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Catherine_T
Retraité / Retired

SIM Swap Fraud

*March 8, 2021 Update*

To protect our customers from SIM swap fraud, we have temporarily disabled all online SIM swaps through Self-serve. To change your SIM card, please submit a ticket here

 

Customer safety and security is our priority, and we are working on permanently securing the online SIM swap process. In the meantime, we recommend that you continue following the steps outlined below to protect against fraudulent activities.

 

-------------------------------

 

Hey Community,

 

We’ve noticed some cases of SIM swap fraud, and wanted to help our customers better understand what SIM swap fraud is, what to do if you’ve been targeted, and how to prevent it in the future. 

 

All the information below can be found in this Help Article. 

 

What is SIM swap fraud?

 

Efforts by fraudsters to gain unauthorized access to customer accounts with the goal of accessing banking information is on the rise. As part of our commitment to protect our customers’ personal information, we have robust security protocols in place that are designed to protect the privacy and security of our customers.

SIM swap fraud, or SIM jacking, is a type of fraud that occurs when fraudsters gain access to your Self Serve account, to replace your SIM card information with their own. After replacing your SIM card, all communications will be redirected to the fraudster’s device. They will then be able to intercept recovery SMS/calls, and gain access to your personal banking, ecommerce, email and social media accounts. 

 

How does SIM swap fraud happen? 

 

Fraudsters can obtain customer Self Serve account credentials through malware, phishing attempts or data breaches on websites where login credentials are the same as your Self Serve account. 

 

What do I do if I’ve been targeted by SIM swap fraud?

 

If you have been targeted by SIM swap fraud, we recommend you take the following actions to secure your account:

  • Change your Self-Serve account password and security question immediately to lock the fraudster out of your account

 

  • Put your phone into Lost/Stolen mode to suspend the fraudster’s service, to do this follow the below steps: 
    • Log in to you Self-Serve account
    • Go to Plans and Add-Ons, then select “lost/stolen phone”
    • Select “suspend service”

 

Catherine_T_1-1612535117310.png

 

 

  • Then, submit a ticket here - our Moderator team will be able to restore your original SIM card. 
  • We also recommend contacting your financial institutions to ensure your banking and credit card accounts have not been accessed, and checking your social media accounts for any suspicious activity. Make sure you change your passwords to these accounts immediately.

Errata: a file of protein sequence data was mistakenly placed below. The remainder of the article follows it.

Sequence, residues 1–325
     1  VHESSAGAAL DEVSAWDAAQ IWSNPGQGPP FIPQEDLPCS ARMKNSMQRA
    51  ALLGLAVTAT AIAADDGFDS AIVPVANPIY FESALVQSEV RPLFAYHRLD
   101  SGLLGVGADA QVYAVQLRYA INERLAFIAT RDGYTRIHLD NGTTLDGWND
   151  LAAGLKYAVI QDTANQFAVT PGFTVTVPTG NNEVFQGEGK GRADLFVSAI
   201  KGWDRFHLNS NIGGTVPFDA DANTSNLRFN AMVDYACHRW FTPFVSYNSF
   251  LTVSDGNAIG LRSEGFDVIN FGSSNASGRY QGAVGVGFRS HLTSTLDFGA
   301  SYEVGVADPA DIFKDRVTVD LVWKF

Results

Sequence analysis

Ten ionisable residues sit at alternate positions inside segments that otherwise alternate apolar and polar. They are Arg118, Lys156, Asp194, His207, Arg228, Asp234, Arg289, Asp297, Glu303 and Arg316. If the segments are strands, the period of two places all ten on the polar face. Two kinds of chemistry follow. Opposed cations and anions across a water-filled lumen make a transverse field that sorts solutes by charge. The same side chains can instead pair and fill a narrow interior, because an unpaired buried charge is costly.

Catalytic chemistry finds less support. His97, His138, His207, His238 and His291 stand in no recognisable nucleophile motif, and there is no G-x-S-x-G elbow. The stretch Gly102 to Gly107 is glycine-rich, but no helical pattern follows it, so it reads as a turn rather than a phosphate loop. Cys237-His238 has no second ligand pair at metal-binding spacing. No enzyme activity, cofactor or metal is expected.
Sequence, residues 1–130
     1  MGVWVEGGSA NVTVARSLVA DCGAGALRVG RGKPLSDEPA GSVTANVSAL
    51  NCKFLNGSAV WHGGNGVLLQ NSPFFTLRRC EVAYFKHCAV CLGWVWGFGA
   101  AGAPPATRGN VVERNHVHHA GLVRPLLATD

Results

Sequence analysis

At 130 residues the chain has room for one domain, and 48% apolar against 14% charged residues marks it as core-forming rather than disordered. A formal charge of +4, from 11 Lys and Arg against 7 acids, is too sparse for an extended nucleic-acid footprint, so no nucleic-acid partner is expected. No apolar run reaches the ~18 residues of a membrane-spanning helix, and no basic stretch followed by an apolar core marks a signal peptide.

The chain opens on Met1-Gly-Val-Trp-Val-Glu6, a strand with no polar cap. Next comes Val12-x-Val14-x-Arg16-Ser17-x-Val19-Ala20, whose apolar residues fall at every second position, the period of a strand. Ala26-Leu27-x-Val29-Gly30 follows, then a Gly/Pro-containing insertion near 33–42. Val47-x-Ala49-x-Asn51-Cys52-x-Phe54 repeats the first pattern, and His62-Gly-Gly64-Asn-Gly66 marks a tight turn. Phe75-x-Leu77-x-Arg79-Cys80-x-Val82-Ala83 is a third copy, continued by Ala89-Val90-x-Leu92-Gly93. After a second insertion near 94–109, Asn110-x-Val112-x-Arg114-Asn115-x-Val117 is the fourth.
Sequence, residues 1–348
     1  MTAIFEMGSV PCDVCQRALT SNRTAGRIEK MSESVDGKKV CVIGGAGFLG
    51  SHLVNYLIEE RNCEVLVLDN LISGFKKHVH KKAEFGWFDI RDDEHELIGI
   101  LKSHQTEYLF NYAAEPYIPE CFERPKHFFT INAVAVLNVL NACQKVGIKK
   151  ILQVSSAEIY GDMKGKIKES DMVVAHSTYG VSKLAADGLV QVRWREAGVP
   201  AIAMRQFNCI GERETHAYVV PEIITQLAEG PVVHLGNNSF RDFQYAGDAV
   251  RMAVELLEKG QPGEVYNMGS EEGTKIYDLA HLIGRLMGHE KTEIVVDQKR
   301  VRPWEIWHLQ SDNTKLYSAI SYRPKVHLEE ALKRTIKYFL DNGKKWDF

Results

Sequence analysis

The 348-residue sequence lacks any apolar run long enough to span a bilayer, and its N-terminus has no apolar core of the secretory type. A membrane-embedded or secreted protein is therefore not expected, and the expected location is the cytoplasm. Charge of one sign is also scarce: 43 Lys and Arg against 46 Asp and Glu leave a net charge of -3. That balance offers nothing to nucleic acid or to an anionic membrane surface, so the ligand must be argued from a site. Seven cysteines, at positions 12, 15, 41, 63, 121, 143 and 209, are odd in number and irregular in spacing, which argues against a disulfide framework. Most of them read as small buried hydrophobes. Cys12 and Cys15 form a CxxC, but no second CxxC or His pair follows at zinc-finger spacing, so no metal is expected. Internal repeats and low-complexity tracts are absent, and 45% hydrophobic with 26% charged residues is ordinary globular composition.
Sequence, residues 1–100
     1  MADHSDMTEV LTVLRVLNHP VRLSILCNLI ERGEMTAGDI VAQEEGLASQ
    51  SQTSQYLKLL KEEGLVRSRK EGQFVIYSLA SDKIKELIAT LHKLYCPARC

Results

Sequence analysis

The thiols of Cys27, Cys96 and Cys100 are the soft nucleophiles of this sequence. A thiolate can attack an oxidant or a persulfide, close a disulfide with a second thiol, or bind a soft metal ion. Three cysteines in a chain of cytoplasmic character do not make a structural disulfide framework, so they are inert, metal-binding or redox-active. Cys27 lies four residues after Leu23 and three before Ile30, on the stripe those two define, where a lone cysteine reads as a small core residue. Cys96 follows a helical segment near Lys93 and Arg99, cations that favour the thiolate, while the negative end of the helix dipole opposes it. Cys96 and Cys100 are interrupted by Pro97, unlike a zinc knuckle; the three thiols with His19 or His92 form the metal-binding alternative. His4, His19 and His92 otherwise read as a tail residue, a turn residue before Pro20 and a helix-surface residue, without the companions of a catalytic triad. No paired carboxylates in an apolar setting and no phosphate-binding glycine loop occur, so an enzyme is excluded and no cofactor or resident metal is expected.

• You may also want to report the fraud to your local police and the Canadian Anti-Fraud Centre at 1-888-495-8501, as well as contact the two national credit bureaus to request a copy of your credit reports and place a fraud warning on your file (Equifax Canada Toll free:1-800-465-7166 and TransUnion Canada Toll free: 1-877-525-3823).

 

How to protect against SIM swap fraud? 

 

Given the increase the telecommunications industry has seen in fraudulent activity like SIM swaps and unauthorized porting, we recommend that Canadians take the following steps to protect themselves:

  1. Protect your information: limit the amount of personal information about you online; fraudsters can use this information to verify your identity when attempting to swap your SIM. Be careful to not click on phishing emails (and texts) that ask you to provide and/or validate private information. 
  2. Guard your phone number: don’t add your phone number to any online accounts where it is not necessary. The fewer accounts you have associated with your number, the lesser your risk.
  3. Use strong and unique passwords for each of your accounts: using the same password across multiple accounts is a hacker’s jackpot. When you use the same password across different accounts, remember that once they successfully hack one account, they’ve hacked them all.  We also recommend that you change your passwords, including your Self-Serve password regularly.
  4. Set up authentication methods that aren’t text based: often, online accounts will require you to set up two-factor-authentication (2FA) for added protection; with 2FA, you need to authenticate yourself with something in addition to your username and password, such as a code that is sent to your device by text. With SIM swap fraud on the rise, you may want to use something other than your phone number for 2FA like an authenticator app or security key.

 

While Public Mobile is actively working on ways to help keep our customers safe, please make sure to stay vigilant, and be aware of any suspicious activity. 

 

- The Public Mobile Team

 

Tags (1)
kaytus